Are You Sexcessful
College is often seen as a time to gain knowledge and skills that lead to success in many areas of life.While many students focus on finding the keys to academic success, college can be a time to learn more about sexual wellness, which includes discovering the secret to sexcess.
What is sexcess and why is it important?
Sexcess is the balance between sexual happiness and success, and it can mean different things to different people. Sexcess is important for enjoying a physically and emotionally safe, pleasurable and fulfilling experience with another person. Whether you choose to abstain or to be sexually active, sexcess is about creating an environment of respect for yourself and others.
What is the secret to sexcess?
The secret to sexcess is communication. You have the right to choose if and how you express your sexuality, and you also have the responsibility to respect the rights and choices of others. Being sexcessful means talking openly with your potential partner(s). Healthy sexual communication means obtaining active and affirmative consent* as well as discussing individual desires and boundaries for the situation with your partner(s). In the process of becoming sexcessful, keep in mind that you have the right to speak up both before and during any sexual activity. It’s also awesome to check in with your partner(s) frequently to make sure you’re still on the same page.
*Consent is required by criminal law and by the University of California Standards of Conduct for Students. Sexual conduct without consent, or after consent has been revoked, is sexual assault.
What are some tips for sexcessful communication?
- Listen actively (check your understanding and ask for clarification)
- Speak assertively (try not to be passive or aggressive)
- Consider your partner’s thoughts and feelings to be as important as yours
- Participate equally in decision-making processes
What are some important topics for sexcessful communication?
- Consent: The first step to sexcessful communication is consent. What is consent, exactly? Consent is the process of sexual decision-making in which each partner freely, knowingly and enthusiastically communicates a clear desire to participate in a specific sexual activity. Consensual sex can occur when one person asks to initiate a certain sexual activity, and the other responds with a free, knowing and enthusiastic “yes.” By free, we mean that the “yes” is delivered without the presence of threat or coercion. Knowing refers to an awareness and understanding of the sexual activity. One must also express the “yes” with enthusiasm in order to demonstrate that the person is actively excited to engage in the sexual activity. Consent is not “I don’t know,” “Not now” or silence. These responses do not mean “yes,” and a “yes” for one activity does not mean “yes” for another activity. Consent can also be revoked at anytime, so if you’re unsure, the simplest way to know if you have consent is to ask. Remember, consent is sexy.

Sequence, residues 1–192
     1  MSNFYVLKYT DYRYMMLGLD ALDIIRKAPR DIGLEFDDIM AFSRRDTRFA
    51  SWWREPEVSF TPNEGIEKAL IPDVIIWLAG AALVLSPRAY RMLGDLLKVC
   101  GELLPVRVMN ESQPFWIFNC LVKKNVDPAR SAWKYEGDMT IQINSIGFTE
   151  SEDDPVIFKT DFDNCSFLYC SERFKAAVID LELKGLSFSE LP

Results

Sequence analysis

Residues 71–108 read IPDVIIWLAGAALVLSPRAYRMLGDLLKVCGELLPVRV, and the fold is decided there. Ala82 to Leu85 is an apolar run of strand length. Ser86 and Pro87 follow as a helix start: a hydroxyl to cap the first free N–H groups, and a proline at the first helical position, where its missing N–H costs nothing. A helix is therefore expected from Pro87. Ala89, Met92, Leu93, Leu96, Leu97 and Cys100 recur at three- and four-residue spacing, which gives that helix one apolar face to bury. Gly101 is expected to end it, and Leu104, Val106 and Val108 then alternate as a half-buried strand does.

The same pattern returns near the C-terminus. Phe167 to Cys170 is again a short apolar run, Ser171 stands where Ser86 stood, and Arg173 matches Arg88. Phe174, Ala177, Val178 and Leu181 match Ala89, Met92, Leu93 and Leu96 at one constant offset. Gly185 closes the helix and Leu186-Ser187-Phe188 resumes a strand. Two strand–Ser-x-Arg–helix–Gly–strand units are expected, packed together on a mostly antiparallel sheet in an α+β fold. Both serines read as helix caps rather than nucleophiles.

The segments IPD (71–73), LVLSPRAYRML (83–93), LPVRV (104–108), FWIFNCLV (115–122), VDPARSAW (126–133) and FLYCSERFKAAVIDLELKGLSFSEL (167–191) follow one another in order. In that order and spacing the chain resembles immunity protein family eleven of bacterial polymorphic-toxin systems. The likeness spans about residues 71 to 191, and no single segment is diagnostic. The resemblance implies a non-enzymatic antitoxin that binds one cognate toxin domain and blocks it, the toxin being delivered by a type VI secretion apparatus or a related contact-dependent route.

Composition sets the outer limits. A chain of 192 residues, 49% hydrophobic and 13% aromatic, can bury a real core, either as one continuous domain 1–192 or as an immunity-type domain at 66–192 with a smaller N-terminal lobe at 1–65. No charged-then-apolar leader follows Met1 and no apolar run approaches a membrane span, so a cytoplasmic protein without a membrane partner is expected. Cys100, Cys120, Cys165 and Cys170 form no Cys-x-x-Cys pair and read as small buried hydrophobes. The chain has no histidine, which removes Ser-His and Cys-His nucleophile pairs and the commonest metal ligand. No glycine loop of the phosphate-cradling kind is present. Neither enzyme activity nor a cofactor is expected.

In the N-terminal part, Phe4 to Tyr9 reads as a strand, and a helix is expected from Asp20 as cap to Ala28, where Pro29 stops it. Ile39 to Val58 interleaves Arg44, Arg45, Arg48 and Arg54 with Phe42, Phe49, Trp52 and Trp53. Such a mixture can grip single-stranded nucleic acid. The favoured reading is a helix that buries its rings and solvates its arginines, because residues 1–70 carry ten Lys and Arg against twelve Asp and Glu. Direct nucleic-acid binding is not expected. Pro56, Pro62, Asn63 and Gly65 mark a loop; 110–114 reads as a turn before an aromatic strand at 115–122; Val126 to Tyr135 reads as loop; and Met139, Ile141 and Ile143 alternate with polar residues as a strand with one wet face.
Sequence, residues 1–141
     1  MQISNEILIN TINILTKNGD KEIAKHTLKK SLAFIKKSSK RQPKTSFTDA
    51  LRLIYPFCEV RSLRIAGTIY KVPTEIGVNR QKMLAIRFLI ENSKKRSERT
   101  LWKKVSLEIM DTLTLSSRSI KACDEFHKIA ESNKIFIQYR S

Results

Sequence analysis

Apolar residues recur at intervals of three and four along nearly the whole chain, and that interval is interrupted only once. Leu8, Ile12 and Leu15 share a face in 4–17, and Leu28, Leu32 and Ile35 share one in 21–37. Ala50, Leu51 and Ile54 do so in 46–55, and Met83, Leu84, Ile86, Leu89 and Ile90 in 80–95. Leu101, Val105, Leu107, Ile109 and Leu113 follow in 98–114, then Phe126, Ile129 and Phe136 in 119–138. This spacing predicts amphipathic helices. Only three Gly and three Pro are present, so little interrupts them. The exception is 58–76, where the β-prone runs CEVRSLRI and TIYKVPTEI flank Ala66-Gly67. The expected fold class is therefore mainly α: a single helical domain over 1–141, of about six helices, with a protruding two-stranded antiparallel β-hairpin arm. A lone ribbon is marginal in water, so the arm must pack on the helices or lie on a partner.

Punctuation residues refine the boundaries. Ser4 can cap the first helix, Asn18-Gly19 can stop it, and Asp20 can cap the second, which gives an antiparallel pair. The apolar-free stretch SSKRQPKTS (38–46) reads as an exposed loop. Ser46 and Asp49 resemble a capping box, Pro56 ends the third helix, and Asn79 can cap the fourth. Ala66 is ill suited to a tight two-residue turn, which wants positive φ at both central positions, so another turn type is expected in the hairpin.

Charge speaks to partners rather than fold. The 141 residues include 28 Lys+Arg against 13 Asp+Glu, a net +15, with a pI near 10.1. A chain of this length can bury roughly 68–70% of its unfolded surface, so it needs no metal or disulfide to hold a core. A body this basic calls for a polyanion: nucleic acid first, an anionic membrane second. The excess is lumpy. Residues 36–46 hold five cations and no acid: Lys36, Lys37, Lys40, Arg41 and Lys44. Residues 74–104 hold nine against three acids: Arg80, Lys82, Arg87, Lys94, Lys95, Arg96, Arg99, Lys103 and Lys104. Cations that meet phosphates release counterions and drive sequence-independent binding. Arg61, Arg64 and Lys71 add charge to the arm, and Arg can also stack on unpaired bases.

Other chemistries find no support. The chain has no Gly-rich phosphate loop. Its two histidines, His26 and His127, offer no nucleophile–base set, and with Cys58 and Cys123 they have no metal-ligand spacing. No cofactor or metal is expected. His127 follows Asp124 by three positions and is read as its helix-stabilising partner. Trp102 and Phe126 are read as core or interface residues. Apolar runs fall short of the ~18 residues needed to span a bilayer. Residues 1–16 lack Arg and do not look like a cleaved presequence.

- Likes and Dislikes: Another fundamental aspect of healthy sexual communication is the ability to talk openly and honestly about your desires and boundaries. In order to communicate sexcessfully, it is important to know your own preferences, curiosities and limits. People are turned on not only by physical features and abilities but also by personality characteristics. Take some time to reflect what your specific turn-ons and turn-offs are and be sure to communicate them to your partner(s). It’s completely normal for desires and boundaries to change, so speak up if you change your mind.
- Safer Sex: Safer sex is the best sex! It is important to talk about your preferred method of protection. Both internal and external condoms are effective at reducing the risk of transmission of sexually transmitted infections (STIs) and preventing pregnancy when used correctly. Not all birth control methods (IUD, pill, patch, withdrawal, shot, etc.) protect against STI transmission, so you may want to consider using a barrier method (condom, dental dam) in addition to the birth control you’re using. You and your partner(s) may want to consider getting tested for STIs before becoming sexually active with each other. Many STIs have no symptoms, which means they can be transmitted without anyone knowing.
Safer Sex Tip: Condom-safe lubricant not only reduces condom breakage but can increase sexual pleasure. Just add a couple drops inside and on the condom.
Lastly, safer sex also includes feeling emotionally safe, so it’s important to talk openly and honestly about expectations and sexual/relationship desires and history.
For more information and tips about establishing sexcessful communication, see our “How to Be Sexcessful” booklet at https://shcs.ucdavis.edu/sexcessful.
How can I celebrate sexcess?
To help promote the sexcess of UC Davis students, our Health Education and Promotion (HEP) team is hosting the Are You Sexcessful? Campaign until Sunday, February 14. We want to know how UC Davis students define healthy sexual communication. Join the conversation today!
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